Developers in Liverpool are being offered free design reviews until March next year
The programme has been set up by Steve Rotheram, the Liverpool City Region Metro Mayor and former bricklayer, as part of his ’drive to champion high-quality design across the region’.
The initiative will be delivered by Places Matter and supported by the RIBA, with a focus on ‘design in housing growth and key economic assets’.
Paid for by the Ministry of Housing, Communities and Local Government (MHCLG), through the Planning Delivery Fund awarded to the Liverpool City Region Combined Authority, the design reviews will be carried out at no cost to the applicant. According to Places Matter’s website, applicants can normally expect to pay up to £3,450 plus VAT for a review.
Developers and local authorities with suitable projects anywhere in the six Liverpool City Region planning authorities can apply for reviews, which will be carried out through Places Matter’s established panel of 60 industry experts.
Rotheram said: ’The design of the places where we live, work and spend our leisure time plays a key role in our wellbeing, health and happiness.
’This initiative is part of my pledge to champion high-quality design across the city region and I would encourage developers and our colleagues in local authorities to take advantage of the free expertise available through Places Matter’s panel of industry experts.’
Richard Tracey, Places Matter’s design review manager, added: ’This is a tremendous opportunity for developers to bring forward schemes and gain the knowledge and expertise of Places Matter at no cost.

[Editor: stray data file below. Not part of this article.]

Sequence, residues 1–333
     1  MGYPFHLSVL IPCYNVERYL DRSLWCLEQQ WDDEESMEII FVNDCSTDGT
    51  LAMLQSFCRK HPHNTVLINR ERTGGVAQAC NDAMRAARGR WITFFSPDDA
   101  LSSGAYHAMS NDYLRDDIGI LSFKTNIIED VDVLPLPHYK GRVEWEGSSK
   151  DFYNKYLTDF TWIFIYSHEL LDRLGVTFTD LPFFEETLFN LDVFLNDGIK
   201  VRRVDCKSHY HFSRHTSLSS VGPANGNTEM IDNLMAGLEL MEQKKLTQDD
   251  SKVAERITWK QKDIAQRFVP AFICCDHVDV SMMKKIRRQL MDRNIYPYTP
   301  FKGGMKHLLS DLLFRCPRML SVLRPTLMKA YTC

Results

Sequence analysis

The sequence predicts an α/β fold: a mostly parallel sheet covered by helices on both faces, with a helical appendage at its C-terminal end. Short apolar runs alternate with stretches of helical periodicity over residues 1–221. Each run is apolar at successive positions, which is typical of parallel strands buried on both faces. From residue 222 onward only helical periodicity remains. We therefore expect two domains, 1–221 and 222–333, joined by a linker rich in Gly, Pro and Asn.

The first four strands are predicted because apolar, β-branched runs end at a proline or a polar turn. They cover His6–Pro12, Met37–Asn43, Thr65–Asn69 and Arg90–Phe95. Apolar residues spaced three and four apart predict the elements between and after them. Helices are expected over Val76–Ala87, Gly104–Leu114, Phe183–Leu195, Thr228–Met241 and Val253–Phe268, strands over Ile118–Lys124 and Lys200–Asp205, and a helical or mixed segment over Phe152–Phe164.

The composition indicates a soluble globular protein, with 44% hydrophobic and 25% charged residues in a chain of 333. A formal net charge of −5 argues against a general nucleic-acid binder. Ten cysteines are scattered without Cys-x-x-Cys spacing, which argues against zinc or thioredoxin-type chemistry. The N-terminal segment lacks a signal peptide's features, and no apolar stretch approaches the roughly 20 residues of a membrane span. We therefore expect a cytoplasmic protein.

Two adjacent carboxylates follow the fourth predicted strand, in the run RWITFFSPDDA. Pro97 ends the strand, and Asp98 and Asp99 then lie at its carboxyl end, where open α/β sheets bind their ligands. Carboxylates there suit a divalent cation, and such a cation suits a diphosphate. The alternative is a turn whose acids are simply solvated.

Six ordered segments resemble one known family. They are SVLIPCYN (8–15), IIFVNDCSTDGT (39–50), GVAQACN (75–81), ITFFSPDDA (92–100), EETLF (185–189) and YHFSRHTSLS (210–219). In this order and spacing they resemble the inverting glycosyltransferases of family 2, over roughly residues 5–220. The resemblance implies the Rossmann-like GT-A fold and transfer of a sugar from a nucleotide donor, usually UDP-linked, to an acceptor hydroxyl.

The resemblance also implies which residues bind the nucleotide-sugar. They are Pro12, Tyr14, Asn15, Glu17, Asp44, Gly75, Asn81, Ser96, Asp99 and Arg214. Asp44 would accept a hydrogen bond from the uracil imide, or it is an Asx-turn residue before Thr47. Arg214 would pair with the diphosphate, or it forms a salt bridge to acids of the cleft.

’The scale of the initiative allows us to look at a wide variety of projects, from whole new settlements and masterplans, down to individual city centre development plots.’
Maggie Mullan of Liverpool-based Maggie Mullan Architects said she was ’absolutely delighted and hugely encouraged’ by the move. She said: ’Its not only a validation of the value of Places Matter but also a massive endorsement of the value of widening the quality of debate and discussion around development in the Liverpool City Region.’
Former CABE chair Paul Finch said: ’The principle of public interest design reviews, funded from the public purse, were part and parcel of government policy and offered in a comprehensive way via CABE from 1999 until its abolition by the Department of Culture, Media and Sport in 2011.
‘At that time, what was then the Department of Communities & Local Government continued CABE’s funding agreement for a further two years, in its new home as part of the Design Council.
This announcement is evidence that sensible second thoughts are taking place
’The renamed MHCLG department is re-starting the spirit of that agreement using a different funding mechanism, and it would be encouraging to think that this initiative might extend to national design review arrangements where appropriate, which can easily be delivered by Design Council CABE.’
Finch concluded: ’Abolishing CABE, which supported an extensive network of regional groups, including Places Matter, was a short-sighted decision. This announcement is evidence that sensible second thoughts are taking place.’